MEG Energy delivers a solid second quarter but declares another loss
Calgary-based MEG Energy reported better than expected earnings today, despite encroaching wildfires that forced the evacuation of its Christina Lake operation earlier this summer. The company has completed several major turnarounds this year, leaving it in a good position to continue to grow production through incremental optimization and debottlenecking programs.
SECOND QUARTER RESULTS
Cash flow from operations was reported at $99 million, or $0.44 per share, well above analysts’ estimates of $0.37. Second quarter cash flow is 62% lower than the same period last year due to lower energy prices. The drop in oil prices and higher transportation costs resulted in a net operating loss of $23 million for the quarter.
Net operating costs were reported at $9.43 per barrel, 35% lower than the same period last year. The reduction was attributed to lower energy prices and is the company’s second lowest on record.
The company completed some major turnaround work in 2015 at its Christina Lake operation, which was temporarily disrupted due to wildfires. Despite the setbacks, second quarter production averaged 71,376 barrels per day (bpd), 4% higher than the same period last year. The company has projected its 2015 production to average 78,000 to 82,000 bpd, with an average operating cost of $8 to $10 per barrel.
MEG realized $44.54 per barrel for its bitumen sales in the second quarter, up from $25.82 in the first quarter of 2015, but significantly lower than last year.
OIL SANDS OPERATIONS
MEG Energy has 2 commercial in-situ projects: Christina Lake and Surmont, both which use steam-assisted gravity drainage (SAGD) to extraction the bitumen in place.
The company’s first two production phases at Christina Lake (Phases 1 and 2) commenced production in 2008 and 2009. The 2 phases have a combined designed capacity of 25,000 bpd. An additional phase of expansion (Phase 2B) commenced production in late 2013 and added another 35,000 bpd of capacity to the overall site.
Although the total design capacity of Christina Lake is reported at 60,000 bpd, implementation of the RISER initiative managed to boost production to over 80,000 bpd. RISER uses proprietary reservoir technologies, steam optimization, debottlenecking and expansion to increase production from existing well-heads.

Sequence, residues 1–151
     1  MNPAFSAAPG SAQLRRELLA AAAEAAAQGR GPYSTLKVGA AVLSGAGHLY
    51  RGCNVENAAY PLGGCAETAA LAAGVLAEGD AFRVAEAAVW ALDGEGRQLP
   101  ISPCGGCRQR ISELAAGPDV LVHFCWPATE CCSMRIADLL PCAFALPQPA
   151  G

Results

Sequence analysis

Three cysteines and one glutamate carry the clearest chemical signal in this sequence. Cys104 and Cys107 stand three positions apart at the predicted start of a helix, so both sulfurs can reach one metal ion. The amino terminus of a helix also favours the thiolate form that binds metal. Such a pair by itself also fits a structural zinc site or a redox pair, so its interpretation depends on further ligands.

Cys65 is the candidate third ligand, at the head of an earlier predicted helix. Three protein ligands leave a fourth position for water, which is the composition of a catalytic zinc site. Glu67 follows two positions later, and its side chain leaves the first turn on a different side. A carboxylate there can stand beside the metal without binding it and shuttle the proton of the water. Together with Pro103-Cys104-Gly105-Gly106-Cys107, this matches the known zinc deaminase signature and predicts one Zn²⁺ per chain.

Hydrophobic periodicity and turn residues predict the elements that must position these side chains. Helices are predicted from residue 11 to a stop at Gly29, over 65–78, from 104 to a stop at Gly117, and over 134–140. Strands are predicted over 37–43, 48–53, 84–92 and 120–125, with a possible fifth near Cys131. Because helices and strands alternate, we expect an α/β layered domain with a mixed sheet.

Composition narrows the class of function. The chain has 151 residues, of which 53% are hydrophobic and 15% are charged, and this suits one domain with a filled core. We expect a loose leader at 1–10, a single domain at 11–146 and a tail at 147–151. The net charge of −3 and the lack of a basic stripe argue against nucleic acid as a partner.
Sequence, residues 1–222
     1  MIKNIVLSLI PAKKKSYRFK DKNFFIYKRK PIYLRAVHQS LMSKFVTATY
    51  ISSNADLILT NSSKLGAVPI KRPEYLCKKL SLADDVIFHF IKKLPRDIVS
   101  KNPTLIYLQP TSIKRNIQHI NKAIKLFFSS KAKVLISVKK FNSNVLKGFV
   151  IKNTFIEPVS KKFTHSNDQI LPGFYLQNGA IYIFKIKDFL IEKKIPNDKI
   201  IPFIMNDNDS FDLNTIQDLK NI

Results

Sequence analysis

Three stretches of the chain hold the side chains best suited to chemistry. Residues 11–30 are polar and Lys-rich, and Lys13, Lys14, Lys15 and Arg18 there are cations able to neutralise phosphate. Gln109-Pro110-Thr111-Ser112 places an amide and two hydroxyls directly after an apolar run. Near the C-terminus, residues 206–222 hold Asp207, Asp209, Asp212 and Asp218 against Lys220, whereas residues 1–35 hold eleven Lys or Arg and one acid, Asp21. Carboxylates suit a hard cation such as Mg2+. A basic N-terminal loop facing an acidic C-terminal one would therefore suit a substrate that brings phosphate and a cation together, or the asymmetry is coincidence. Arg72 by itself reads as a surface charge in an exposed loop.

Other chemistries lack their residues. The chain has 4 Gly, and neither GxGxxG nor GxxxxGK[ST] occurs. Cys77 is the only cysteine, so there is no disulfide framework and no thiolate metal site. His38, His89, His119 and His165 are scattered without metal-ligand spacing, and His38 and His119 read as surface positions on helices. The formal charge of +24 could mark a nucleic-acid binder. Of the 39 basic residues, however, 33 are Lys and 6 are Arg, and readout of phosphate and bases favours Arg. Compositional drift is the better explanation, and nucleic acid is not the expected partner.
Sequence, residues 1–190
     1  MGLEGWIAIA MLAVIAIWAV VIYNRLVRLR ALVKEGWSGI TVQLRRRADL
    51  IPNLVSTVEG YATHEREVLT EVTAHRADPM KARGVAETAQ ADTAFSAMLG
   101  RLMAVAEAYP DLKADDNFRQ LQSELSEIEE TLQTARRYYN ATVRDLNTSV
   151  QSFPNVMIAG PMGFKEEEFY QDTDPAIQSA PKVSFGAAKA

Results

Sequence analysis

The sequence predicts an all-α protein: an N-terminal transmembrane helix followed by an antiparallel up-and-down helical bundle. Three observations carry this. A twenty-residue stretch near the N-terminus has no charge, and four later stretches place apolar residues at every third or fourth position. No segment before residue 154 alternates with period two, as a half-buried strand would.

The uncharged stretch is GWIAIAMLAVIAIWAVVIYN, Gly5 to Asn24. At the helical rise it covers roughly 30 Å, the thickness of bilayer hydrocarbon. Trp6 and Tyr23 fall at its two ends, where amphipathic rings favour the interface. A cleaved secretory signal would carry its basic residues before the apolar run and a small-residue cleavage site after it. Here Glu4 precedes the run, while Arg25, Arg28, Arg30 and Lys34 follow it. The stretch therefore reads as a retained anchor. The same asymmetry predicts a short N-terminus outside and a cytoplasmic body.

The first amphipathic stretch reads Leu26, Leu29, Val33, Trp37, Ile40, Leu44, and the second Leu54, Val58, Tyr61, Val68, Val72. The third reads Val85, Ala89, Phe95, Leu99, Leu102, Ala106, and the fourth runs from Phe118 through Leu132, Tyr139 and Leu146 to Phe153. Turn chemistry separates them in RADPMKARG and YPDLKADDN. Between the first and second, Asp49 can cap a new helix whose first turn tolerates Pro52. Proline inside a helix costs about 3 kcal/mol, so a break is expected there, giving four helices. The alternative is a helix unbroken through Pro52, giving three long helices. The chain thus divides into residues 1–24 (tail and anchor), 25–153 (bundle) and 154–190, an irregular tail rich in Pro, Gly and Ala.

Steam to oil ratio (SOR) for Christina Lake was reported at 2.3, slightly lower than last year. Transportation costs for the second quarter averaged $4.57 per barrel, up significantly from $1.80 for the same time last year. The higher costs were attributed to the recently commissioned Flanagan-Seaway Pipeline, which transports MEG’s heavy oil blend directly to the Gulf Coast. This allows the company to net better pricing for its heavy oil product.
Another phase of debottlenecking (RISER 2B) is expected to add more production at a relatively low cost. Christina Lake already has regulatory approval in place for 210,000 bpd of production.
In late 2012, the company applied for regulatory approval of its 120,000 bpd Surmont project. Surmont is located 30 miles north of its Christina Lake operation and will be very similar in design. The company did not comment on timing of its expansion plans except to note it will wait for a recovery in oil prices before making any significant capital investments.
PIPELINES & STORAGE
MEG also holds a 50% interest in the Access Pipeline, a dual pipeline system that connects the Christina Lake Project to a transportation hub in the Edmonton area. A recently completed expansion has brought the pipeline's capacity to 400,000 bpd of diluted bitumen (200,000 bpd net to MEG), which will accommodate any production increases from Christina Lake, Surmont and any future expansions. The Access Pipeline also includes a 16 inch return line that has the capacity to carry 90,000 bpd of diluent from Edmonton back to the Christina Lake area.
MEG also owns the Stonefell Terminal, located on the southern end of the Access Pipeline near Edmonton. The terminal has a 900,000 bpd storage capacity and gives MEG access to a 3rd party rail loading terminal near Bruderheim, AB.
The company spent almost $91 million in capital expenditures in the second quarter, down significantly from the $300 million spent for the same period last year. MEG is focusing all of its capital expenditures on sustaining capital and maintenance activities and has deferred any major capital spending until energy prices improve. Total capital expenditures for 2015 is unchanged at $305 million.
Total debt for the company was reported at $4.75 billion. MEG’s debt load is denominated in US dollars and is therefore adversely affected by the falling Canadian dollar. Although none of the company’s debt is due before 2020, the company is considering selling its stake in the Access Pipeline to raise cash.
MEG Energy stock is down 64% year to date (TSX:MEG) and currently does not yield a dividend. The company has a 100% working interest in 900 square miles of leases estimated to hold 3 billion barrels of proved plus probable bitumen reserves.